Low hanging fruit

Willpower is a limited resource; don’t overwhelm it.

This is one thing I have learned in my 292 non-drinking days.  In other words, when you’re trying to give up alcohol, let yourself indulge in other ways.  As I talked about here, I gave up sugar and white flour for awhile last year.  I did feel good when I did that, but it got to be too much.  Too much self-denial.

But, I feel ready to make some other changes in my life.  So this week I have made a (late) New Year’s resolution.  It’s to do all the healthy things for my body that I enjoy.  I love taking walks, so I am going to do more of that.  Going to the gym helps me clear my head, so I am going to go when I can, but only for that reason.  Not to lose ten pounds.

I am going to drink more water.  Who doesn’t like a nice, cold glass of ice water?  I’m going to eat more sardines (for the Omega-3s!) because I’m one of those strange people that really likes sardines.  I’m going to eat all the fruits and vegetables that I like.

At the same time, I am going to continue to eat dessert when I want it, eat my apples with gobs of peanut butter (this is a major weakness), drink diet soda and lots of coffee, take the elevator instead of the stairs, and veg out on the couch playing Angry Birds when I want to.  And I won’t kick myself for it either.

Above all, I want to be kind to myself.  Kind to my body, kind to my brain and my emotions, kind to my overstretched willpower.  They’ve all served me well these last 292 days.

My mantra for this is the title of this post:  low hanging fruit.

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14 thoughts on “Low hanging fruit

  1. Oh my god I am so with you on this, and I really needed to hear it! Thank you thank you! As soon as I get one thing starting to go right I take out the long list of self-improvement (AKA self-denial) projects and remove something else. It never goes well. It can’t. I think you’re bang on about doing things you love, and about being kind to yourself. Thanks for great advice. And a huge whopping hooray for your 292 days! (Holy that’s a lot of days!)

    • The overly ambitious “self-improvement” lists are exactly what I have always done, my whole life! And you’re right, it has never gone well. I think I’m finally starting to learn that being kind to myself is the first step for anything! So glad this post helped you — and take care of yourself!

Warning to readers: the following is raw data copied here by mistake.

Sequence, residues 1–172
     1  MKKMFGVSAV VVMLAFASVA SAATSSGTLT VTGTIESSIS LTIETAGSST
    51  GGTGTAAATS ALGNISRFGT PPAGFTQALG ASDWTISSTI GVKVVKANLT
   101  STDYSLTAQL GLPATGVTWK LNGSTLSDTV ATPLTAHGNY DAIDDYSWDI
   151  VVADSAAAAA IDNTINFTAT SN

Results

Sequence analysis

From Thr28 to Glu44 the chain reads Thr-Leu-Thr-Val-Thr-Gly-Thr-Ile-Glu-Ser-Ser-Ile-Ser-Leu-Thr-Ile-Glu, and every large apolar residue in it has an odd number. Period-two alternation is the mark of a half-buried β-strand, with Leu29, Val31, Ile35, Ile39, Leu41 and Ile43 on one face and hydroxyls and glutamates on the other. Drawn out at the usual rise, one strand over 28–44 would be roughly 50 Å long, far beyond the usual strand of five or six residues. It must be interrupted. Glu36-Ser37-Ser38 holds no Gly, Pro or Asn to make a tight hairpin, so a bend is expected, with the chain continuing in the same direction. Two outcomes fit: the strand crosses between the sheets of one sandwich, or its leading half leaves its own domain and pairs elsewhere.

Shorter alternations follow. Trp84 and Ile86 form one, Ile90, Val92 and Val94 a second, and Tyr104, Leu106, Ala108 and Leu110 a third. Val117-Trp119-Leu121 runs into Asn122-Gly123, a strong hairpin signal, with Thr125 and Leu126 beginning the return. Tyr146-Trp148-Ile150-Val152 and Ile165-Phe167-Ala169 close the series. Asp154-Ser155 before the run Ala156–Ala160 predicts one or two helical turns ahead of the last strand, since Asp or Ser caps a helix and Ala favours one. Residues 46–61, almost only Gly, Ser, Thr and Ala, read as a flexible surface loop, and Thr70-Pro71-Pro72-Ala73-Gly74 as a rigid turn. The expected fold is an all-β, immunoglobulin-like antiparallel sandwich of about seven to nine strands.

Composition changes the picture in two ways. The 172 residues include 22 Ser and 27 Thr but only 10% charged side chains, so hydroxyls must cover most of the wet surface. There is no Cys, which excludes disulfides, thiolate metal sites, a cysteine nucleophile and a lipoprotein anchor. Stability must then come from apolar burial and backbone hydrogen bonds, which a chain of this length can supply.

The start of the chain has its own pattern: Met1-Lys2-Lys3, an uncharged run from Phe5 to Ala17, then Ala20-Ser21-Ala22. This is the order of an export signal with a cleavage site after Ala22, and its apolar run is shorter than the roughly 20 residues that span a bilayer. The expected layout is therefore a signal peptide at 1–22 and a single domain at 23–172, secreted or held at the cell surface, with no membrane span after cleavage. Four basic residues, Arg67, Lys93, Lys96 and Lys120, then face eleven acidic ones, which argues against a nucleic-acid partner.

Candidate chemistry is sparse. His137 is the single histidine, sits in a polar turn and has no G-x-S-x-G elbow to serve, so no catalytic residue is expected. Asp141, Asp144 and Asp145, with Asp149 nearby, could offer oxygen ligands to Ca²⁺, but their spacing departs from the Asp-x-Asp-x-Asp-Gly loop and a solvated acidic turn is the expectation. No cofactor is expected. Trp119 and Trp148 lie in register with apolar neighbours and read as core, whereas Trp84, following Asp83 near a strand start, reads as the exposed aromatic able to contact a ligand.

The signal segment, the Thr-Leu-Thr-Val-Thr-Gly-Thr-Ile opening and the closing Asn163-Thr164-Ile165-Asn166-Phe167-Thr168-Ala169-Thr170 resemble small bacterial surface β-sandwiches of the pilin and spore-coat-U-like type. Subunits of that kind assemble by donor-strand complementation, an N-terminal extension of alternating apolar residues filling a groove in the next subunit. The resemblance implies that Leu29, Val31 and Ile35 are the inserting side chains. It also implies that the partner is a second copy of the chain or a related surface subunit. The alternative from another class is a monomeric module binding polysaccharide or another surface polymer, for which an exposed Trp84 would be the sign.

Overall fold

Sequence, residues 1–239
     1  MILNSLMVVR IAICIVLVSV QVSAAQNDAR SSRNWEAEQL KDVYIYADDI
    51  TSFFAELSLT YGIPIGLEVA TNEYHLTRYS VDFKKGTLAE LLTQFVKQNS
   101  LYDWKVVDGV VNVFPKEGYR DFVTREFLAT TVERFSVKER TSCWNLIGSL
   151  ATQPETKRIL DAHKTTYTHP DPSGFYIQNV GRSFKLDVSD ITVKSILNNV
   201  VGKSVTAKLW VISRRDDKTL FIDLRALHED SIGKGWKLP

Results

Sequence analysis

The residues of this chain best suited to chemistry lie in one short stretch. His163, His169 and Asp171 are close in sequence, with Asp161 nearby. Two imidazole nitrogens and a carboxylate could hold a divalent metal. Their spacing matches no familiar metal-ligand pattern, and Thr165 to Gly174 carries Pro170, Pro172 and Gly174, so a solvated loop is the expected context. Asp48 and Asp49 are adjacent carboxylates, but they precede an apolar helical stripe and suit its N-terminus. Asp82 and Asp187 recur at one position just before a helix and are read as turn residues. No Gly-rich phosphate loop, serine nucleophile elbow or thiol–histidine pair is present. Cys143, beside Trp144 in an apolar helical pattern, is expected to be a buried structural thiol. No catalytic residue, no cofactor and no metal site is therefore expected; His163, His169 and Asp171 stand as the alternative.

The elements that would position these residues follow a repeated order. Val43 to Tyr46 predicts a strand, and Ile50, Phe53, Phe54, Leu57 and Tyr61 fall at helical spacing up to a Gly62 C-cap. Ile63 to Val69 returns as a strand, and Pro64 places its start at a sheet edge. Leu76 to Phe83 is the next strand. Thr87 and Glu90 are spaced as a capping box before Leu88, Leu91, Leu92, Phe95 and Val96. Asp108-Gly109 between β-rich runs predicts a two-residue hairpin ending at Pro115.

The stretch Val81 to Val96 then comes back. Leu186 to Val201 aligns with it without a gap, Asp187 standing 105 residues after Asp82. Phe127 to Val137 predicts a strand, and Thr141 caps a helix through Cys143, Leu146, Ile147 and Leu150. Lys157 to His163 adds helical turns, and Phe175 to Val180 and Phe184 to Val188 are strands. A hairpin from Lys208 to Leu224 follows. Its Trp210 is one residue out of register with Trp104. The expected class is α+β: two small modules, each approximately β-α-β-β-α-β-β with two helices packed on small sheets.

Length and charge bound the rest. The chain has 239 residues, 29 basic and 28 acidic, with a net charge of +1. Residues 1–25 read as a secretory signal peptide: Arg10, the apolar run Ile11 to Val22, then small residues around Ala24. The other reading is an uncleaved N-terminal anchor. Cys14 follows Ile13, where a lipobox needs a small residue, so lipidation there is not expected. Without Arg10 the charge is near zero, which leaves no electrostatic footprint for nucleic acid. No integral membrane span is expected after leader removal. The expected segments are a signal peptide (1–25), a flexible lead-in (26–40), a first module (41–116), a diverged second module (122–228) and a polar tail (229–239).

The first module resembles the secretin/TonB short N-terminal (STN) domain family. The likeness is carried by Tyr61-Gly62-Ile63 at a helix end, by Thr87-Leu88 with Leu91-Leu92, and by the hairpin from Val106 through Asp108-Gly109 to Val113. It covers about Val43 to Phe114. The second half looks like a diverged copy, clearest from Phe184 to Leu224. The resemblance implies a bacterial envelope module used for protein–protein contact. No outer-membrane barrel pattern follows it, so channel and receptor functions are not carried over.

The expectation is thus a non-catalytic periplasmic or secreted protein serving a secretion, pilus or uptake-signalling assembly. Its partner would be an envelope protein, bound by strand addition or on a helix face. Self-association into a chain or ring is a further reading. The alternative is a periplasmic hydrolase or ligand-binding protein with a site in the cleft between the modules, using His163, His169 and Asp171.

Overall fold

2. Very wise! I love the idea of focusing on the health-promoting things you enjoy and giving yourself permission to indulge when the time is right. (And 292 days is amazing — whatever you’ve been doing works!)
    Hilda
    P.S. Great blog.

    • Thank you, Hilda! I really feel good about this. Reading over what I wrote it seems obvious in one way, but it’s something I’ve never, ever tried, or even thought of, in any of my “get healthy” kicks. There was always some element of self-loathing involved.

      I’ve been taking long walks with my dog this week and it’s amazing what it does for my mental health!

  3. I need to do this too. I have noticed when I relapse it is when I overextend myself. I am like a child needing a nap…but I have all these people to take care of….I didn’t run yesterday and I have thought mentally how lazy I am…I am in the same clothes…..but you know what it’s ok….My husband is a workaholic and an alcoholic….but not like me…so I feel the need to try and keep as busy as he is but I can’t, I have to take time to reset or I will imploded. Ha!! I am a fitness instructor and I need to balance myself and not try to be perfect in all areas of my life….just in the area of sobriety is where the perfection is needed….Don’t take that first drink….My name is Kelly.

    • Hi Kelly — I still get caught up in that “have to be perfect” mindset. But you are right on, there is no need to be perfect in all areas of life when you are trying to quit drinking. In fact I think you have to give yourself permission NOT to be perfect, and that’s okay. Something that has stuck with me is that “self-compassion” is a much better mental health tool than “self-esteem.” That includes having compassion for myself when I want a drink, and not beating myself up for that either! Good luck to you!

  4. Thank you so much for writing this post. I am trying to get sober, today is Day 1. I need to be reminded that I am never going to get through this if I continue to be so hard on myself.
    Holly

    • Hi Holly — congrats on Day 1! Having compassion for yourself and giving yourself permission to indulge in other ways is so important, I think. Keep me posted on how it’s going!

  5. Pingback: Low hanging fruit update | Stick a fork in me ... I'm done

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